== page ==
From the Auckland Star, 21 January 1885.
Ever since the days of Lola Montez, and perhaps prior to the advent of that strongminded female on this mundane sphere, it has been the practice of women of a certain class, when maligned or otherwise injured by persons of the opposite sex, to wipe out the insult by an application of the lash to the back of the traducer. Mrs Fredericks, the wife a nigger minstrel well known in this city, disturbed the staid respectability that usually rules supreme at the Clarendon Hotel, Queen-street, on Monday night last by severely horsewhipping a young man named Edward Prentice, who, she believed, rightly or wrongly, had circulated scandalous reports concerning her, one of them being that she was about to establish a house of ill-fame.
Mrs Fredericks has been residing at the Clarendon Hotel, having come to Auckland on a visit, and Prentice has been in the habit of dining at the same hostelry. The lady, hearing that these reports were being industriously circulated, and being informed that Prentice was one of her traducers, determined upon inflicting summary punishment on him, acting, we understand, on the advice of some theatrical friends who were staying in the same hotel, and who, at the time of the assault, were present to see the fun. On Monday evening, shortly after the doors of the Clarendon had been closed, the lady came into the passage leading to the private door, and observing Prentice seated on a table, observed to a bystander, "Do you see that thing sitting on the table? I am going to horsewhip him to-night."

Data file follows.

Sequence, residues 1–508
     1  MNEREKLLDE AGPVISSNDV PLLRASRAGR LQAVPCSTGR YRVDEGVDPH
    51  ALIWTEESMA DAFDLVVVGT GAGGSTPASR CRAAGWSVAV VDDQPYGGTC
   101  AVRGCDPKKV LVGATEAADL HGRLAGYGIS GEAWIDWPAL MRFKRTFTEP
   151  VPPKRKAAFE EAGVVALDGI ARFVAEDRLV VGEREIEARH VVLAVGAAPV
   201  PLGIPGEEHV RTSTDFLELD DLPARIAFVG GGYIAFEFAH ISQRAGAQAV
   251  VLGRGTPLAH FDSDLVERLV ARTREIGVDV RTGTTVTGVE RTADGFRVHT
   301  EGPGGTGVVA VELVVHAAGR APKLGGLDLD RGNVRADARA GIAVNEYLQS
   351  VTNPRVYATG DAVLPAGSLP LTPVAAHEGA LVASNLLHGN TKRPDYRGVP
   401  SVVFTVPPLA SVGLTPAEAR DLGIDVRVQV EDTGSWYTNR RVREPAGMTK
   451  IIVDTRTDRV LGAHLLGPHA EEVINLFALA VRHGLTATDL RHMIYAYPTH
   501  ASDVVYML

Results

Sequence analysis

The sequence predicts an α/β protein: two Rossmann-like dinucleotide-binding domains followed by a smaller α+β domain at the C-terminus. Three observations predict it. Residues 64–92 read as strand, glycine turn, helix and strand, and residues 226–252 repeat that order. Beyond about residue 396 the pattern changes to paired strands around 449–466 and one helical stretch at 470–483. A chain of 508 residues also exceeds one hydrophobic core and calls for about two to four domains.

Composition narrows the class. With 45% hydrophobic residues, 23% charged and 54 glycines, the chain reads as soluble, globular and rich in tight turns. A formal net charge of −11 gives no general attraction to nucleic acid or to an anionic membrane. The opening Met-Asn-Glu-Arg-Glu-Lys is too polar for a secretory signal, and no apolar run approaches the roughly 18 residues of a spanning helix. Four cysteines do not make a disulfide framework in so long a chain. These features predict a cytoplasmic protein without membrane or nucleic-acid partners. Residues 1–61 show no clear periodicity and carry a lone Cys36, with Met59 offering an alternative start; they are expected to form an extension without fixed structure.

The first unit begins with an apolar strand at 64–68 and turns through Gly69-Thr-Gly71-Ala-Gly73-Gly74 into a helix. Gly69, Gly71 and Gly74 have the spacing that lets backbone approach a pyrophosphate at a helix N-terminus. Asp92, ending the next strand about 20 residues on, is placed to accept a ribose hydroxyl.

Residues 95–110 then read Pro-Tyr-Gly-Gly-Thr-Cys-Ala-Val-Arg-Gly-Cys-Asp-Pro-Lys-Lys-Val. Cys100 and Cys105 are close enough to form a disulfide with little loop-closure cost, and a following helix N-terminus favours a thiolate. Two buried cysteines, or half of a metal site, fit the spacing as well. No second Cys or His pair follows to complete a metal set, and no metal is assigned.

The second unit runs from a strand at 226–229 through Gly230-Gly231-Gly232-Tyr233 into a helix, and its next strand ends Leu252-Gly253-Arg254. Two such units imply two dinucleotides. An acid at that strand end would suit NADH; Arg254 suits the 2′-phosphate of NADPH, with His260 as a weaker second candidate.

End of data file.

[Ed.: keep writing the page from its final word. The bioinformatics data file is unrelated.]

She then invited the young man into a private room. He complied, quite unconscious of the treat that was in store for him, when she with considerable alacrity produced a silver mounted lady's horsewhip, which she had kept concealed in the folds of her dress, and proceeded to castigate him over the head and shoulders. Prentice offered no resistance, though with his hands he succeeded in warding off many of the blows aimed at his face. The flogging was continued for upwards of a minute, during which time Prentice strongly denied that he had circulated the scandal.
Mrs Fredericks, somewhat out of breath, and perhaps mollified at the young man's passive demeanour, declared a truce, and the flogger and the flogged "had it out" verbally, the result of the convention being that the lady was half induced to believe that she had acted somewhat hastily. Prentice is considerably marked about the shoulders, and there are a few slight bruises on his face. The flogging was conducted so quietly that persons seated in an adjoining room, though they heard the "swish" of the whip, had no idea of the dramatic incident proceeding on the other side of the partition.